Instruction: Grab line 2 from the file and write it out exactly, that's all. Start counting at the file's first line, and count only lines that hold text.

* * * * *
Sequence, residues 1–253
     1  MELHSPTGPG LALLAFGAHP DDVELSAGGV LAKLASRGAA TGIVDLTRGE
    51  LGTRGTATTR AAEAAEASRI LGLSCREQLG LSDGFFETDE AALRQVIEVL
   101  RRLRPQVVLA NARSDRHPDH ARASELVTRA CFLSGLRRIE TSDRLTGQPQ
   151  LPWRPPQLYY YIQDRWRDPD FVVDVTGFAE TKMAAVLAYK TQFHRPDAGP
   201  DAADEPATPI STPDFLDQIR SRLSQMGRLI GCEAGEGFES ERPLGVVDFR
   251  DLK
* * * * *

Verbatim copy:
     1  MELHSPTGPG LALLAFGAHP DDVELSAGGV LAKLASRGAA TGIVDLTRGE